Over the past few days there seems to have been a particularly rich set of alerts related to mHealth apps (there’s even been an update to the mHealth Grand Tour website with a nice video to promote the tour that starts on 5th September). Adding to them a couple that others have kindly alerted me to, here are a few that might interest:
Let’s begin with an infographic on the rising popularity of mHealth apps that puts it all into context. However, in some countries mHealth is being held back by outdated privacy laws, and in the US lack of final FDA guidance is considered a check on progress. If you ever wondered how much data your DNA, or your most recent scan contained, well there’s another infographic on that too. If you’ve ever considered doing a little research on trends in this area but been worried that you cannot access the data, try using Google, as Dr Yates did in this fascinating iMedical Apps article showing among other things, the popularity of weight loss apps…
…talking of which the Wall Street Journal has announced that Samsung has released, only in S Korea so far, an app for the Galaxy S4 smartphone with an avatar that grows or shrinks depending on the user’s food intake and exercise level. (As an S4 owner, I hope that that doesn’t mean I have to carry it around when exercising as it’s a tad bulky – perhaps the Galaxy Gear will measure exercise intensity and relay it back to the S4?).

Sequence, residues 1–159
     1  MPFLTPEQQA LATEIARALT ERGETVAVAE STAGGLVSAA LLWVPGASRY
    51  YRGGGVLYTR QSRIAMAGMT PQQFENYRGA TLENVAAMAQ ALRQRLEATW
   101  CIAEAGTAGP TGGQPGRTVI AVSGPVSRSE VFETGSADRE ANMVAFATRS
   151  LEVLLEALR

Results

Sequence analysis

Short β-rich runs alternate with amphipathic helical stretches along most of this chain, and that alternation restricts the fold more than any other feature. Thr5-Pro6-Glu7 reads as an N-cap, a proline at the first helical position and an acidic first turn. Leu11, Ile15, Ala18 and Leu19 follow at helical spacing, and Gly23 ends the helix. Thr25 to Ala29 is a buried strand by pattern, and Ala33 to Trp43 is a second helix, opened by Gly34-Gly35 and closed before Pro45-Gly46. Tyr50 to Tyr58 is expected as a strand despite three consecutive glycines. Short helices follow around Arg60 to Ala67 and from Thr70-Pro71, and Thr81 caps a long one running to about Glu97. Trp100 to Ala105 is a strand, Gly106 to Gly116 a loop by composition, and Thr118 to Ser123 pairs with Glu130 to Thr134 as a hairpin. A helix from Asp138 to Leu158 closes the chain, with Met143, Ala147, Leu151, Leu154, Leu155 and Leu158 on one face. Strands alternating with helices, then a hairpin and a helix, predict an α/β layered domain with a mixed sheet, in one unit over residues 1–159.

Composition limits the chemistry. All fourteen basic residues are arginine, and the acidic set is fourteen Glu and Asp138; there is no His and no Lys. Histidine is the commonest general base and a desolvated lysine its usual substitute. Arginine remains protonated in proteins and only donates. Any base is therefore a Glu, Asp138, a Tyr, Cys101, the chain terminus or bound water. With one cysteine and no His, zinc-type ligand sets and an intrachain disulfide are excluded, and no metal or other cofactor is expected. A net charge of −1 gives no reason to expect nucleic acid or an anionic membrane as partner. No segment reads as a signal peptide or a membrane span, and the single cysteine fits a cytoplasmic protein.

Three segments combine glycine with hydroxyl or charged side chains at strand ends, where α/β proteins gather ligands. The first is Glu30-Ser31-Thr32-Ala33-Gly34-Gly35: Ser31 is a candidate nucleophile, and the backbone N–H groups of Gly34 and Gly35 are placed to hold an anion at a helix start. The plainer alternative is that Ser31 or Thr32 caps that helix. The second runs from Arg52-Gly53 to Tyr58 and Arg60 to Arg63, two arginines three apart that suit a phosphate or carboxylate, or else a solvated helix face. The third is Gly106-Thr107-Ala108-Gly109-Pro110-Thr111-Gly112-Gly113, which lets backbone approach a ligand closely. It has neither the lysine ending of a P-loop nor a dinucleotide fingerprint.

Moving swiftly on from what goes in, to what comes out, a possible contender for TTA’s What in the Blue Blazes award is the Heath Robinson contraption for converting an iPhone into a device to search poo for hookworms, which leaves one wondering whether an old-fashioned microscope might just be better…and avoid any unfortunate mishaps that could result in a smellyphone (Samsung’s got a patent on one of those, too; different smell though.)
So, on to what comes next: it seems that a whole new area for apps is fertility according to this Medcitynews item <link temporarily broken, it seems>.
It is encouraging to see that AstraZeneca, often seen as a drug pure play in the pharma world, is now showing an interest in apps for tackling COPD…and Mobihealthnews reports on another COPD app that could cut admissions by 40%. Meanwhile, from the other end of the mHealth provision spectrum, Verizon continues to increase its mHealth engagement.
And finally to end on a future note, the EPSRC reports on three awards for developing devices that will speed up point-of-care-testing for HIV/AIDS dramatically, optical molecular sensing to detect lung conditions & continuously monitor blood without the need for sampling, and passive sensing of events such as strokes and TIAs as they happen.
Many thanks to Mike Short and Nicholas Robinson for pointers.